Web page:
There’s a principle in writing drama coined by Anton Chekhov called simply “Chekhov’s Gun”. It’s a straightforward idea with the spirit of it being “don’t include anything unnecessary”; a lot of anime do it anyway as either a hangover from their manga or light novel source material, as a way to entice viewers further than the first episode, or as a misguided attempt to construct a foundation for additional instalments. If that’s Chekhov’s gun, then Seikoku no Dragonar (Dragonar Academy) is Chekhov’s arsenal. It’s frankly staggering how such a multitude of bits of back story and character development are shown but then never utilised again.
evil schemes so laughably ineffective that all they achieved were minor property damage
Daughter of Avalon? Nope. Silvia and Ash’s history together? Nope. Arranged marriage? Nope. Morally ambiguous teacher? Nope. The list goes on and on until by the end you could make a doily out of all of the plot threads that are left hanging. What you do get in Dragonar then is a whole lot of things you’ve seen before but forced together like ill fitting jigsaw pieces. You’ve got the precocious and pink-haired loli from Zero no Tsukaima, the improbable harem of Infinite Stratos and the throw-away fantasy leanings of too many series to name.
How many other males does the protagonist of Strike the Blood know? Two. And females? More or less all of them. This is about as nuts-and-bolts basic as you can get for a premise: bland teenager is gifted extreme supernatural powers and proceeds to play “Gotta catch ‘em all” with the young ladies in his life. Spear wielding overseer? Check, comes free with sword wielding friend. Goth loli teacher? Check. Childhood friend and uber hacker? Check. Superpowered little sister? Check; and the list goes on. And of course the context for all of these females orbiting him? He must feed on them - oh right he’s a vampire - to unlock his magical familiars.
oh you walked in on her undressing again? you scamp!
Feel free to play “spot the jugular vein” during the opening few episodes because with almost every new female introduced, a key to unlock a new glowing critter for perpetual hoodie wearer Kojou is revealed. And of course given the setup, all of the ladies emit supremely suggestive noises and flush the brightest of reds when he begins to chow down on their necks. Yes it’s primitive but, apart from a few absurdlyquestionablescenes, it works thanks primarily to a refreshing lack of pretension and a handful of good natured character relationships.
In a world where tanks are a part of everyday life, and pre-UN countries send teenage girls out in war machines to fight not to the death, but to the white flag, one rag-tag team will face their toughest opponent yet. Can they overcome all the odds, work as a team and deal with all of their various family issues and rise to the top?
Of course they can. Girls Und Panzer is an underdog story with just about every trope from the genre ticked off. Think Cool Runnings as an anime, except tanks instead of bobsleds. The knowledge that the girls of Oorai High School can't lose - at least not always in conventional terms - should make this a by the numbers affair. That it manages to be not only supremely entertaining but equally tense and heartfelt speaks volumes for a familiar idea well implemented.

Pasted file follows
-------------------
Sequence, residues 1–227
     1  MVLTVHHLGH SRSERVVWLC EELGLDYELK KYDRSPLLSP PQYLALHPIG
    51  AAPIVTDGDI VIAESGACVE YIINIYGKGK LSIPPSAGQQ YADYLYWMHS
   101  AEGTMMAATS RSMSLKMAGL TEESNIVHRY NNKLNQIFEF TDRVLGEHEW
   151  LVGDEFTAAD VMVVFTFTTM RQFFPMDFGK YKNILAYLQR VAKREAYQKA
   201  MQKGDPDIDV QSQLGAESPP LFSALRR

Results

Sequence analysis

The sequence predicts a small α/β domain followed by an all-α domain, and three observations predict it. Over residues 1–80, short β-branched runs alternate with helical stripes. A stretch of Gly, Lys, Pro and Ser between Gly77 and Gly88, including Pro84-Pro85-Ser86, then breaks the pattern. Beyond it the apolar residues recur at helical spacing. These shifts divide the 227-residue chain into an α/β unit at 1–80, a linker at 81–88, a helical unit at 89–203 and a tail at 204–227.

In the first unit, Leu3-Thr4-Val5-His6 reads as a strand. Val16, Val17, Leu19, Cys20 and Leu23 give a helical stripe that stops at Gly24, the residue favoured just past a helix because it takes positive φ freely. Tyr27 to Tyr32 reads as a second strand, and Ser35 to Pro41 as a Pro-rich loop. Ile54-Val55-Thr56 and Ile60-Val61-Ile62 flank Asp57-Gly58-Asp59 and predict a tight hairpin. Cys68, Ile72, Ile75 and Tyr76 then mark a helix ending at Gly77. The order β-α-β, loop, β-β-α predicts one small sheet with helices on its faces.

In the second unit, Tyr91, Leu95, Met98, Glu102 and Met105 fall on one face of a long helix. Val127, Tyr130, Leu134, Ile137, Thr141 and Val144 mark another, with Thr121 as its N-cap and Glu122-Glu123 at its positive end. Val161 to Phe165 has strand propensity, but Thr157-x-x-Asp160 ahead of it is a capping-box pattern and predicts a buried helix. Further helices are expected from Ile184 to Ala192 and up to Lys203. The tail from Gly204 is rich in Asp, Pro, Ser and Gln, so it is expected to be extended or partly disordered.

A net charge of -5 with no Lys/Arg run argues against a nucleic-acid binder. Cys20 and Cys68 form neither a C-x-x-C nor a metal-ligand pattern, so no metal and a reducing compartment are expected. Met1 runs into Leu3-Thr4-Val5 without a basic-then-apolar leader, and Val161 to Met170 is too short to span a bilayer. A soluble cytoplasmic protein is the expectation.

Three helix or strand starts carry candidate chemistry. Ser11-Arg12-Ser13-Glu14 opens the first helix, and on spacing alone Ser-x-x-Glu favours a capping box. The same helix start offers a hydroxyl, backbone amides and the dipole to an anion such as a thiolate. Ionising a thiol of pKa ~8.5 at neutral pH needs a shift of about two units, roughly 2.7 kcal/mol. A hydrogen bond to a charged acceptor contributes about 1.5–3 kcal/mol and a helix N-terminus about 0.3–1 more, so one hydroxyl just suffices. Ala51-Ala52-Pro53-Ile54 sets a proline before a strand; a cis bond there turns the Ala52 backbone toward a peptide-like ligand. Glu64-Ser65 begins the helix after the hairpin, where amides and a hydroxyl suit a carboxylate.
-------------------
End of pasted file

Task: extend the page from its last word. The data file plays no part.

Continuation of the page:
Yuru Yuri is one of the best post-apocalyptic black comedies of recent memory. It's startling how such a bleak and unforgiving situation is afforded fleeting levity by a group of school girls who seem content to ignore such a bad situation.
aliens and androids have been spotted circling the dying planet that is now the Earth
The nameless cataclysm obviously happened some years before the start of the first series and though never mentioned by any of the characters, its lasting effects are plain to see. The Earth we are shown is untainted by bombs or or environmental collapse but instead a complete annihilation of the male species has taken place. Without males the world did not fall immediately to ruin but began a slow decline that the series shows the formative years of.
An amnesiac girl falls to earth. Girls fight until their clothes fall off. A man stands pure and oblivious amidst a brothel's worth of females. A beleaguered viewer has seen it all before. Take your pick from Queen's Blade, Ikkitousen (any flavour) or Tenjou Tenge and Hyakka Ryouran Samurai Girls (Hundred Blooming Flowers Samurai Girls) will follow both logically and thematically. The premise is simple and familiar: put as much flesh on display as frequently as possible with only a hastily scrawled story to keep it legitimate.
The series' aesthetic draw beyond the curvaceous dolls on parade is the odd blend of chunky, flat characters against abstract watercolour backgrounds which expertly evoke ancient Japanese vistas. So too does the ethos of the characters, steeped in the bushido code of the samurai, the chaste speak of honour and fealty to their master while the unclean employ subterfuge and dirty tactics - as well as servicing their fickle master's sexual whims. It could easily be taken as naive patriotic propaganda with the opening episode's exposition of weapon-wielding girls taking down squadrons of World War 2 planes.